|July 17, 2004Changing Tunes-A Strange and Unexpected Twist
The month of June and The Olympic Trials brought with it a mysterious and difficult change in my outlook on a few things. I am only writing to you because I feel compelled to share. This banter is only food for thought, for me as well as for you. Honestly, I am just sharing some feelings that have come about as a result of life’s challenges, rewards and frustrations. I am BY NO MEANS, suggesting that I am this great person who gives so much of herself. I have a million faults and I am constantly working on trying to be a better person. I need all the help I can get. I am simply offering up, like I said, food for thought.
I have become acutely aware of the extreme self-involvement, ego-centric nature of sport at an elite level. Now I must preface this with saying this is not shocking, nor is it the first time I have picked up on this. Yes, I am very aware of what it takes both physically and mentally to compete at the highest level. It takes a little selfishness. Okay, it takes a lot of selfishness. But does it have to totally take you over? Could there still be room for compassion and empathy and generosity and kindness? I don’t know.
I wonder if there is a way to be someone who gives more to others than to themselves, and still remain at the top of their craft, whether it is in sport or business? I wonder if there is time or if there is room? Don’t you just have to find the time and make the room? Does one’s total self-centeredness continue to breed more complete focus on oneself, or can the chain of only focusing on oneself be broken with conscious effort? I don’t know these answers. I am interested in the challenge though. Can one reach the pinnacle of their goals in life while simultaneously living a loving, encouraging, giving, and kind life? Hmm…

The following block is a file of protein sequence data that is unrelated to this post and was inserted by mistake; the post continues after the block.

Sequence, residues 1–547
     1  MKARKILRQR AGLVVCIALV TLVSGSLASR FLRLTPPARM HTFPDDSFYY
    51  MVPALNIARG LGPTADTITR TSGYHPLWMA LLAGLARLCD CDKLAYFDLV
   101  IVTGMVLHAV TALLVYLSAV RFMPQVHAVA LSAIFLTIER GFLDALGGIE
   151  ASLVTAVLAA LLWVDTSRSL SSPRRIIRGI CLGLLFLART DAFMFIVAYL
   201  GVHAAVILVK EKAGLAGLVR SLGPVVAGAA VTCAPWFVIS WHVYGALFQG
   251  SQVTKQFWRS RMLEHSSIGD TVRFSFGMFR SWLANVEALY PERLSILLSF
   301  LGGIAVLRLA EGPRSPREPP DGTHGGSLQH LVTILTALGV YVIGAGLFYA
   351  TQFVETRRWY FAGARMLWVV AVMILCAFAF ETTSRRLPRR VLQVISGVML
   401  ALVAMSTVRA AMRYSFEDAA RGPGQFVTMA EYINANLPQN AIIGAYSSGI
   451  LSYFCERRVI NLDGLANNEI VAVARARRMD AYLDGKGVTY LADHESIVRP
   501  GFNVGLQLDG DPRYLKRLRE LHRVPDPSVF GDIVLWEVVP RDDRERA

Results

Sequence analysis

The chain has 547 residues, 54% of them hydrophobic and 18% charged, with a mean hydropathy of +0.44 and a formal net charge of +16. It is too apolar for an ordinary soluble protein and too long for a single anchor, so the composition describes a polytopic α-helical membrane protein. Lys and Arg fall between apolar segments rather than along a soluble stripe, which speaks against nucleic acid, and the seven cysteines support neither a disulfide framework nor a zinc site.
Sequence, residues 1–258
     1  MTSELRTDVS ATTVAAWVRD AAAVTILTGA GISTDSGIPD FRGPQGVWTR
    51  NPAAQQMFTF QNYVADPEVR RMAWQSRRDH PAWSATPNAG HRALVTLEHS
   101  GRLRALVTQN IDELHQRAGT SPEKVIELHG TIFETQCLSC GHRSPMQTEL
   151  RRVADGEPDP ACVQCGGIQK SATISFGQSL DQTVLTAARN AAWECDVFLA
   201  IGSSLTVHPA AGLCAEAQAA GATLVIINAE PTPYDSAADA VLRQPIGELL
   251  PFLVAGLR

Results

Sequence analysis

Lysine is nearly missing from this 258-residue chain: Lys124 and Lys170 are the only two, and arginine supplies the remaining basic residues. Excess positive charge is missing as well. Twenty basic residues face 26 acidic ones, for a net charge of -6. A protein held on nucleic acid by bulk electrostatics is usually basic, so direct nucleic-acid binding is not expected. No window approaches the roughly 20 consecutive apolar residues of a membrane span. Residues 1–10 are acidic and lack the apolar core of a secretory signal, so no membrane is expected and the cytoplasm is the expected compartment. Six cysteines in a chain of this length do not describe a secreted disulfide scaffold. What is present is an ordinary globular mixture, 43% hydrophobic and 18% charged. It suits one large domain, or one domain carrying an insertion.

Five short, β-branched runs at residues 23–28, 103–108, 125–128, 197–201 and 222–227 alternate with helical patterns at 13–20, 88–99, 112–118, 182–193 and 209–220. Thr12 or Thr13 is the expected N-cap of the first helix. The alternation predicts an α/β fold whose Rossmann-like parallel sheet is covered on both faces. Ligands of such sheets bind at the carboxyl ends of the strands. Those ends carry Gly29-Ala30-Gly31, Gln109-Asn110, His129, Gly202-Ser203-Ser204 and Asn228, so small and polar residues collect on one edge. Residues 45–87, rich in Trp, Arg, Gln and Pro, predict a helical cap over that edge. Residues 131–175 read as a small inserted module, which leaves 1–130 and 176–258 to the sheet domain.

At the end of the day, when it is all said and done, what do we look back on our life as? Did we win that big promotion? Did we win that big race? I don’t think that those are the questions we’ll be asking ourselves. I think we will be wondering if we made a difference in our short time on this planet. I wonder if we will ask, “Did I make a difference in someone’s life, no matter how big or small? Did we change the way someone sees the world for the better? Did we give so much of ourselves one day to a friend who needed us that we were too exhausted to work or train and later realize that being there felt even better than a really hard workout ever could?'”
A few years ago at the Seattle Special Olympics, nine contestants – all physically or mentally disabled – assembled at the starting line for the 100-yard dash. At the gun,they all started out, not exactly in a dash, but with a relish to run the race to the finish and win. One little boy stumbled, fell, tumbled over a couple of times, and began to cry. The other runners slowed down and looked back. Then they all turned around and went back, each one of them. One girl with Down’s syndrome bent down and kissed him and said, “This will make it better.” Then all nine linked arms and walked together to the finish line.